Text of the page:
Another issue I think was his new spikes. Other throwers were also saying that he was wearing new spikes, which he hadn’t used in any previous competition. I, somehow, feel he wasn’t used to those spikes.
Javelin can be a difficult sport for children to relate to. It is technical and lacks role models in India. As a kid, did you feel any special connection with the javelin when you first got hold of one?
At my village, we used to play a lot of sports like cricket and volleyball. Even in the stadium where I went, there were a lot of sports played. But when I saw other athletes throwing the javelin, I was thrilled to see the flight of the javelin and the way it landed on the turf. I wanted to do the same thing. I wanted to learn the sport.
When I first threw it, it was fun. I could feel there was a special bond. It was February 2011. There was a senior called Jay Chaudhary who is now a coach at the Patiala national camp. He helped me a lot. There is a boy named Sahil and girl called Sanjana who are doing well under him.
Can you throw some light on the years of training which led to gold? What was the journey like from throwing 40-50m – when you first started – to 88m?
For a first-timer, the mark I had reached then was quite good! The seniors also liked my effort. It’s not just the javelin. Let’s take the example of painting. When someone starts painting, one doesn’t immediately become a master. With practice, one improves gradually. It’s the same with a javelin.
A lot of time needs to be invested in making a good javelin thrower. We have to make ourselves physically fit, improve our strength with age, improve our technique and fitness levels and also make sure our throws keep getting better.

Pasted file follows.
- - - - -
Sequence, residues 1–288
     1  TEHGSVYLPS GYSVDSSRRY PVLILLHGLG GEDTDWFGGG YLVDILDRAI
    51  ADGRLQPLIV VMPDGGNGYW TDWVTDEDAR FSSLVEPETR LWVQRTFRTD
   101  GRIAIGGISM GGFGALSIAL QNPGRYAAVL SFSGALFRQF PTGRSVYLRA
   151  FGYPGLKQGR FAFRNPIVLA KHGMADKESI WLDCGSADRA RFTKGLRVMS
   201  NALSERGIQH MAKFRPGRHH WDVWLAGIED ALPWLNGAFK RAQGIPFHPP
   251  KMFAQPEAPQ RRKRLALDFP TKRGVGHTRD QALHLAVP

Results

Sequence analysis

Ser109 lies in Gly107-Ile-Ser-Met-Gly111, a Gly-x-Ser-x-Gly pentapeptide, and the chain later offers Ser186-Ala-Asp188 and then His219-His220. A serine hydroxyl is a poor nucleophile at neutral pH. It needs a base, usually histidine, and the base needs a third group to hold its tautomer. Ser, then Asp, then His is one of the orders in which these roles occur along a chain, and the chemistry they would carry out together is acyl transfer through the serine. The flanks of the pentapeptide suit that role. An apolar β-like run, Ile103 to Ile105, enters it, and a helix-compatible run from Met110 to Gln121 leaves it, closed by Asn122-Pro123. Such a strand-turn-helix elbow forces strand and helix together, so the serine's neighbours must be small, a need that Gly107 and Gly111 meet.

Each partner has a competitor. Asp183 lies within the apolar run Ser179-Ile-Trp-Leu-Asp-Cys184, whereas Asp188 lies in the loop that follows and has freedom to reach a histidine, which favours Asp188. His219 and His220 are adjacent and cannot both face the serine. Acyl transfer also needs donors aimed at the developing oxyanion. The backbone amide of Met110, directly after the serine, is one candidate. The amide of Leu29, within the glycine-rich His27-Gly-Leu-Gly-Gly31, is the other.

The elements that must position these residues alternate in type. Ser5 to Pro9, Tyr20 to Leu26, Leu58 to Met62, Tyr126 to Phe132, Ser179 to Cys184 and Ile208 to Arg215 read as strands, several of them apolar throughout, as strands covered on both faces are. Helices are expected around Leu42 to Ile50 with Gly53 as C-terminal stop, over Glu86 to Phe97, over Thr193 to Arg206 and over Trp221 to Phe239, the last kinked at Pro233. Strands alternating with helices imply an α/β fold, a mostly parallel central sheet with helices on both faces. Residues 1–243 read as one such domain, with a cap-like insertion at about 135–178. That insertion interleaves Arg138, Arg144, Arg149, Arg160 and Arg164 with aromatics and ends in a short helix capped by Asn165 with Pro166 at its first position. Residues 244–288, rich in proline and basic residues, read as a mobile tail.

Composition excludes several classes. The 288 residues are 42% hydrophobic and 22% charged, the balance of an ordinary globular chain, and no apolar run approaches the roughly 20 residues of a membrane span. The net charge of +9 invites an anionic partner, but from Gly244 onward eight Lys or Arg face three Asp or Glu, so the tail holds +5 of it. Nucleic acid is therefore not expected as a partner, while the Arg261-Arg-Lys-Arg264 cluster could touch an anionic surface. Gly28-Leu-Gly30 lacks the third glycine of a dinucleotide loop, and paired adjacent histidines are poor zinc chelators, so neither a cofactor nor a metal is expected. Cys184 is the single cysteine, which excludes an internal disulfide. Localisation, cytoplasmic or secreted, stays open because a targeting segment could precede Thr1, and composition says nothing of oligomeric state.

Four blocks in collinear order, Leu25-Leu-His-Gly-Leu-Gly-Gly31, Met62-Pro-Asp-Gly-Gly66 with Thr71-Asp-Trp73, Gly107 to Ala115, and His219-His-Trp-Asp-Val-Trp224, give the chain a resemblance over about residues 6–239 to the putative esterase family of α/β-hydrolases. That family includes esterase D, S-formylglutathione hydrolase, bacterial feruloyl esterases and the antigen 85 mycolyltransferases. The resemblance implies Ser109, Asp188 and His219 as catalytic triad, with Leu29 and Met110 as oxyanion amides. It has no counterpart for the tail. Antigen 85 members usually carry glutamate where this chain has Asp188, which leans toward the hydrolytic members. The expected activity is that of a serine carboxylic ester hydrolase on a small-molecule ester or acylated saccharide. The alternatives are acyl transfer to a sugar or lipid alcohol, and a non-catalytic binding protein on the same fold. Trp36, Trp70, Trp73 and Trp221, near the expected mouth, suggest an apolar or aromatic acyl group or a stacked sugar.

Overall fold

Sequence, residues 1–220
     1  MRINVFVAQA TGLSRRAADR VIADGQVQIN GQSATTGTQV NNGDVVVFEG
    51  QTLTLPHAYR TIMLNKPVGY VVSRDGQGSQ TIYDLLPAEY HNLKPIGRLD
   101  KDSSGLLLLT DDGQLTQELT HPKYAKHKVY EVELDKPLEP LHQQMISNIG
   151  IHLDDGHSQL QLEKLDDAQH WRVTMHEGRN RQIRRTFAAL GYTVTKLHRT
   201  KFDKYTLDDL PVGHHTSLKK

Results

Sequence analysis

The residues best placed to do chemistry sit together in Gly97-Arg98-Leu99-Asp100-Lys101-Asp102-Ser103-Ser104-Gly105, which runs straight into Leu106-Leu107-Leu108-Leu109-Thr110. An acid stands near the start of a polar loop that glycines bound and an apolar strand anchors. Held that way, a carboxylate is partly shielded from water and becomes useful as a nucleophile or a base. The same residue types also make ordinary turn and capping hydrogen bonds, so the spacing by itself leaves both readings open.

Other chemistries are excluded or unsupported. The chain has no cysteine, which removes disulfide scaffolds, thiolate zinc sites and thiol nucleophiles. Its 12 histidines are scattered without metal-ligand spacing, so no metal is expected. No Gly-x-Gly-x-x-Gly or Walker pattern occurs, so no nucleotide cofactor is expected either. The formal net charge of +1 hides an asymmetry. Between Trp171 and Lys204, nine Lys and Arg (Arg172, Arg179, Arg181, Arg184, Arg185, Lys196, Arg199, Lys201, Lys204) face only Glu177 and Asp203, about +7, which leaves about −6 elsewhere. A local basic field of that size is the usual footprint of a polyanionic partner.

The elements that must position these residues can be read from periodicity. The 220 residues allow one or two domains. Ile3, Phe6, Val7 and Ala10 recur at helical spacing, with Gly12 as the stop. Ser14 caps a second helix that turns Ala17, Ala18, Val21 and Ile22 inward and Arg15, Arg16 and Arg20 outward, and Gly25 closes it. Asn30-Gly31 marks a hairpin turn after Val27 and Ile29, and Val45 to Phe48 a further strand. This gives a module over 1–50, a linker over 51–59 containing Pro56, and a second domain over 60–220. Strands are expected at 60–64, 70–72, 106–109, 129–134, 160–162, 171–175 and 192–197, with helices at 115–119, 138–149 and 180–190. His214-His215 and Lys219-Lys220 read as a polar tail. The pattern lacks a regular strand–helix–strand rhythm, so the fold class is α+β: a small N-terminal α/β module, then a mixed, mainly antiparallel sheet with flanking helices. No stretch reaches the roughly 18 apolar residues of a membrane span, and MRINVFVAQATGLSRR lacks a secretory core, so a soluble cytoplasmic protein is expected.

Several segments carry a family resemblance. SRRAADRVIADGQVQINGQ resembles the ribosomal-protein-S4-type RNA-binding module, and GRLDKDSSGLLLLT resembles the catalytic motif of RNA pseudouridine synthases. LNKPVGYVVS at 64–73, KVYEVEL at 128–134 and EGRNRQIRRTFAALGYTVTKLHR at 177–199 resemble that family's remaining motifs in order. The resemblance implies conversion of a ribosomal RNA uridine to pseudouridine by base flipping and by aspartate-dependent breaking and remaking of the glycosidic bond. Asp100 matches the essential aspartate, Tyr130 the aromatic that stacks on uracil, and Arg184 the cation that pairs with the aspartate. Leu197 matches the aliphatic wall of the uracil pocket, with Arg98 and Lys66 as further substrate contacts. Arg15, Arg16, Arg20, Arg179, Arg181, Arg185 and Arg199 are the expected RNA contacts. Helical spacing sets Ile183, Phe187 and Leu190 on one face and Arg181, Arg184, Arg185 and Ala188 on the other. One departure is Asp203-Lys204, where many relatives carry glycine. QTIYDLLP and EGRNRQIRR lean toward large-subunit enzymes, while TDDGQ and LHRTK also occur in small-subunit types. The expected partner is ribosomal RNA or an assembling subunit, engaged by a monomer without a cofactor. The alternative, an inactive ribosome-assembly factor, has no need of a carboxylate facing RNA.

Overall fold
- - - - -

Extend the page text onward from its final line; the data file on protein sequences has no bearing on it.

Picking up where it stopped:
I have reached this level one step at a time. Now the challenge for me is to improve mentally and physically so that I can breach the 90m mark. I am ready for it and I am sure I can go beyond it too.
How much did your training stint abroad help?
I went abroad after my surgery in 2019. At that point, I hadn’t competed much with my rivals, the people I was going to face at the Olympic level. It was necessary to compete against them so that I could be prepared mentally. I managed to play in competitions and also trained, which I feel helped me in Tokyo. I could’ve trained in India too, say at the Inspire Institute of Sports facility in Karnataka, but the weather at that time was very hot and not suitable for training for long hours.
How is the relationship between the top international javelin throwers? What kind of interaction do you guys have? And how did they congratulate you when you won the gold medal?
We share a good relationship, all the top javelin throwers. We talk nicely with each other and also congratulate one another on social media. If someone needs any kind of help, we don’t take a backward step. All of them congratulated me.
Talking about breaching the 90m mark, do you think you need to be more muscular like Vetter or remain lithe and flexible like you are now?
I would like to give you the example of Jan Zelezny, who is my favourite javelin thrower. He holds the world record of 98.48m. He is not someone who is very muscular. In javelin, we do not have any weight categories. Every thrower has his individual type of body. If I try to become like Vetter – become strong and increase my weight – I might lose my positives, my speed and flexibility. The body type I have, I need to make improvements in my game with only that. I would like to say that Zelezny had 34 throws over the 90m mark.
What about your ‘falling’ technique? Is it something special? Did Klaus Bartonietz or Uwe Hohn or Gary Calvert introduce this in your game at a later stage?
It isn’t a technique as such. It happens naturally to me when I am participating. In training, I throw normally and don’t fall. It has been like this since the start.
Even in 2011-12, I used to fall like now. When I am in training, I concentrate on my technique but during competitions I give it my all. My speed is also better, my effort is also more. That’s why perhaps I fall after releasing the spear. It happens automatically. If you look at Vetter, he too falls down, similarly.